Solera 2014 Review & 2015 Solera Recipe

2014 SoleraAfter slightly more than a year in a corny keg in the corner of my living room, my 2014 Solera beer was ready to produce its first round of finished beer. From the 5-gallon corny, I bottle conditioned 2.5 gallons of aged sour beer. On the same day, I topped the corny keg back up with 2.5 gallons of another batch which had already gone through its primary fermentation (recipe below). With this round of top-up beer, my goal was to steer the Solera towards a more traditional lambic-style wort while also inoculating the Solera with a more diverse culture that includes Wyeast 3278 Belgian Lambic Blend as well as microbes grown up from Sante Adairius Cellarman. My goal is to produce more acidity in future pulls from the Solera.

2015 Solera Recipe:

Size: 3.25 gal
Efficiency: 74%
Attenuation: TBD (am expecting 90% +)

Original Gravity: 1.051
Terminal Gravity: 1.003 (projected)
Color: 4.06 SRM
Alcohol: 6.32% ABV (projected)
Bitterness: 0.0 IBUs

Malt Bill:
4 lb (61.5%) Dingemans Pilsner Malt
2.5 lb (38.5%) Briess Raw Wheat

Mash Profile:
With this recipe I completed a fairly complex turbid mash routine that involved taking the mash through a number of temperature steps. To get from 113 °F to 136 °F I used a simple hot water infusion. To get between the other steps, I pulled varying amounts of the thin portion of the mash, heated it to 185 °F, and then returned it back to the mash. The goal was to create a dextrinous wort that can provide abundant complex carbohydrates for an extended mixed-culture fermentation.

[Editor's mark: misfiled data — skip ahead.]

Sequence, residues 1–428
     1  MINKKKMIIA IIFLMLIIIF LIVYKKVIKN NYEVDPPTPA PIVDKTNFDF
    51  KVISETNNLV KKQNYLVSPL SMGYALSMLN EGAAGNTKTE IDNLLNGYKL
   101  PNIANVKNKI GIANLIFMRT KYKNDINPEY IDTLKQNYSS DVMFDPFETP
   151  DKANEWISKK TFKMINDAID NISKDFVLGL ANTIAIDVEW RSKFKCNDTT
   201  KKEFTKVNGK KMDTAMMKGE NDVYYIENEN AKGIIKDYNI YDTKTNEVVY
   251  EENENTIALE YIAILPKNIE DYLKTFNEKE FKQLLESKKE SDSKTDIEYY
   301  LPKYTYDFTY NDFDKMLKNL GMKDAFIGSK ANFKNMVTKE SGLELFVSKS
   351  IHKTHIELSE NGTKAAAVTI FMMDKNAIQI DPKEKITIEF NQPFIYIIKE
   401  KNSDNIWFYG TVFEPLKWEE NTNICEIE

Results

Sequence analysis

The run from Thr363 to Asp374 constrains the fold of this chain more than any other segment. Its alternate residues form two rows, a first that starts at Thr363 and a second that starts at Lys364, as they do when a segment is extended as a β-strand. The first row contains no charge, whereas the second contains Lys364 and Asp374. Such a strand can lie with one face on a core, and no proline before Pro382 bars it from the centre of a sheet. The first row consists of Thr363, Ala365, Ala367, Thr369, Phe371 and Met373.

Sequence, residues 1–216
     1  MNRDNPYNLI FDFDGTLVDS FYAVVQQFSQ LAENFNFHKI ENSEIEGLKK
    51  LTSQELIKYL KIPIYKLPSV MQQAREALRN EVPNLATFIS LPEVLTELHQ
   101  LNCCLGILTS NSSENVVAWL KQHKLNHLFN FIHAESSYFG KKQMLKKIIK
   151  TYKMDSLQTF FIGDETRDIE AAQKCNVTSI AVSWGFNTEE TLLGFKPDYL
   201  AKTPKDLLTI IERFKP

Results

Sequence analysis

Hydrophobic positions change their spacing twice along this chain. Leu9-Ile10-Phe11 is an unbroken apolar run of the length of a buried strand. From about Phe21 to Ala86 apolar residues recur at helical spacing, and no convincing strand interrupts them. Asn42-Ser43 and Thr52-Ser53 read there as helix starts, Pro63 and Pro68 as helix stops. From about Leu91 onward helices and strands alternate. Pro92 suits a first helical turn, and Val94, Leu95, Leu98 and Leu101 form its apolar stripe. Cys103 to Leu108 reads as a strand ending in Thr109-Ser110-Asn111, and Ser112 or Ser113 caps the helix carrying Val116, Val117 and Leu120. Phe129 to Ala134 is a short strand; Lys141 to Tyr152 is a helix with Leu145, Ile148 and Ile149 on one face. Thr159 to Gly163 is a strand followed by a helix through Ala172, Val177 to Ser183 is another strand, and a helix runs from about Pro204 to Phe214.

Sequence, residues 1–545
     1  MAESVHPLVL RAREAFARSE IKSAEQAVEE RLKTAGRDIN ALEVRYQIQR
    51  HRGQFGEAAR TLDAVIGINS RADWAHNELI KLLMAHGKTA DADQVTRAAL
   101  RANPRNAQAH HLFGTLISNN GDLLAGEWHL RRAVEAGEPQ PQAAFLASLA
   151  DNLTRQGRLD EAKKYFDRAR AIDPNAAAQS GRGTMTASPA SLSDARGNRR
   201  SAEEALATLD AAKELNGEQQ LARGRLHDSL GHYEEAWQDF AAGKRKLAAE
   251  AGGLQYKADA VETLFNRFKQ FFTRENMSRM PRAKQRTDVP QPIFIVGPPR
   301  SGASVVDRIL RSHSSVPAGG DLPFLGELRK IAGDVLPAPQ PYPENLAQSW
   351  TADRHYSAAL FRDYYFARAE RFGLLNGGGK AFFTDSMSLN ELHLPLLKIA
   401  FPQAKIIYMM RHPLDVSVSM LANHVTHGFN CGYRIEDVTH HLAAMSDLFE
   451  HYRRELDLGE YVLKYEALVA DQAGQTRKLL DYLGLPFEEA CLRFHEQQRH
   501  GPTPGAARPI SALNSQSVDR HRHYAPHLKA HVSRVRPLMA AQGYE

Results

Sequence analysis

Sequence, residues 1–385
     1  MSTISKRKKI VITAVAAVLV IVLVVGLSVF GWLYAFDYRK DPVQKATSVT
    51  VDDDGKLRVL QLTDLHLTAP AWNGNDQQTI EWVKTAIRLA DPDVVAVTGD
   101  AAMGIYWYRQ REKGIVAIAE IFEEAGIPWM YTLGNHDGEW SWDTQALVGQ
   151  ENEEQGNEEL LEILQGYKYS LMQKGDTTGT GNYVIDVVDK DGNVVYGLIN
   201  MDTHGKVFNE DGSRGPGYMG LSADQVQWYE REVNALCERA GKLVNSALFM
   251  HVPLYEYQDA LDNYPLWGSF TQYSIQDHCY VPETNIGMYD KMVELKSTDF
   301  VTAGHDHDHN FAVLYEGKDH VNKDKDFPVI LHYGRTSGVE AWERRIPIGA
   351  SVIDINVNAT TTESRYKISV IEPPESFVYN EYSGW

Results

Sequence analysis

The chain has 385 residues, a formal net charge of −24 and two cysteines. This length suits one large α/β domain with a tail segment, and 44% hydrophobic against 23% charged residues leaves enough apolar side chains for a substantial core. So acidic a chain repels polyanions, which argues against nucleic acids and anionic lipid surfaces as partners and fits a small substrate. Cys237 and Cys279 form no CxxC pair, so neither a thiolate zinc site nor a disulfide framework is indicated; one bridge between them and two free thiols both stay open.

113 °F – 20m
136 °F – 5m
150 °F – 30m
162 °F – 5m
170 °F – 5m

Water Treatment:
Extremely Soft NYC Water
4g Gypsum (to mash)
2g Calcium Chloride (to mash)

2oz Aged Hops (0% AA) – 90 m

Kettle Additions:
0.5 ea Whirlfloc Tablets (Irish moss) – 15 m
0.5 tsp Wyeast Nutrient – 10 m

1 Pack – WYeast 3278 Belgian Lambic Blend™
500 ml – Sante Adairius Grown up Culture

2014 Tasting Notes:

Judged as 2015 BJCP Category 28B. Mixed-Fermentation Sour Beer

Aroma (6/12):
Low to moderate lactic tartness on the nose, no real perception of acetic or other acids. There is a medium to medium-high peppery phenol accompanied by medium Brett aromatics reminiscent of hay, earth, and leather. There is a relatively strong, tart pie cherry Brett character, which is pretty nice. Some toasty malt hides behind the fermentation aromatics and features a touch of honey-like malt sweetness. At the very end there is a bit of rubbery phenol that isn’t particularly pleasant.

Appearance (0/3):
Deep gold with a light haze. No head whatsoever, although abundant fine bubbles rise from the glass. The head appears to be a casualty of the proteolytic lactic acid bacteria in the mixed culture.

Flavor (10/20):
The beer approaches the palate with a very lean and slightly toasty malt profile. Despite using aged hops that were labeled with 0% alpha acid, there is some definite low to medium hop bitterness that feels a bit out of place in the beer. Acid levels in the beer feel quite low compared to most commercial beers, exhibiting only a mildly acidic lactic tang. Overall the beers is quite mellow and austere. There are some biting phenolics on the finish that are a bit harsh.

Mouthfeel (1/5):